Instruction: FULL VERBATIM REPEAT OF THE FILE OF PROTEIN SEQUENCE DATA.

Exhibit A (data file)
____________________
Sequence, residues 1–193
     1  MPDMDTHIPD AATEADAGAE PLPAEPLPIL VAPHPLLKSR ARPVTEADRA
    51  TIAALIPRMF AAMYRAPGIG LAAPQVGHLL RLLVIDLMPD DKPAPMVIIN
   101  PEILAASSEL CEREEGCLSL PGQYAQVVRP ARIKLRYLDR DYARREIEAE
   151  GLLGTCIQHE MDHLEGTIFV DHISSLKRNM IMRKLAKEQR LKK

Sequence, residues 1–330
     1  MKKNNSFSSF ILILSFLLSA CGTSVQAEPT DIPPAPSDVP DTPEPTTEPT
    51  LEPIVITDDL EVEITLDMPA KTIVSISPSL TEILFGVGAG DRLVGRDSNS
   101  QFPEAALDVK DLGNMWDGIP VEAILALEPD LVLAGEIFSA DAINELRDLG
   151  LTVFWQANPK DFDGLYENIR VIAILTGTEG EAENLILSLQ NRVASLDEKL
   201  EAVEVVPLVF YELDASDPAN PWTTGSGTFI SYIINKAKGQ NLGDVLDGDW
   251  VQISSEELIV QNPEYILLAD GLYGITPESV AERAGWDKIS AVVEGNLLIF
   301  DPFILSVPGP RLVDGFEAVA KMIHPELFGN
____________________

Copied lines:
Sequence, residues 1–193
     1  MPDMDTHIPD AATEADAGAE PLPAEPLPIL VAPHPLLKSR ARPVTEADRA
    51  TIAALIPRMF AAMYRAPGIG LAAPQVGHLL RLLVIDLMPD DKPAPMVIIN
   101  PEILAASSEL CEREEGCLSL PGQYAQVVRP ARIKLRYLDR DYARREIEAE
   151  GLLGTCIQHE MDHLEGTIFV DHISSLKRNM IMRKLAKEQR LKK

Sequence, residues 1–330
     1  MKKNNSFSSF ILILSFLLSA CGTSVQAEPT DIPPAPSDVP DTPEPTTEPT
    51  LEPIVITDDL EVEITLDMPA KTIVSISPSL TEILFGVGAG DRLVGRDSNS
   101  QFPEAALDVK DLGNMWDGIP VEAILALEPD LVLAGEIFSA DAINELRDLG
   151  LTVFWQANPK DFDGLYENIR VIAILTGTEG EAENLILSLQ NRVASLDEKL
   201  EAVEVVPLVF YELDASDPAN PWTTGSGTFI SYIINKAKGQ NLGDVLDGDW
   251  VQISSEELIV QNPEYILLAD GLYGITPESV AERAGWDKIS AVVEGNLLIF
   301  DPFILSVPGP RLVDGFEAVA KMIHPELFGN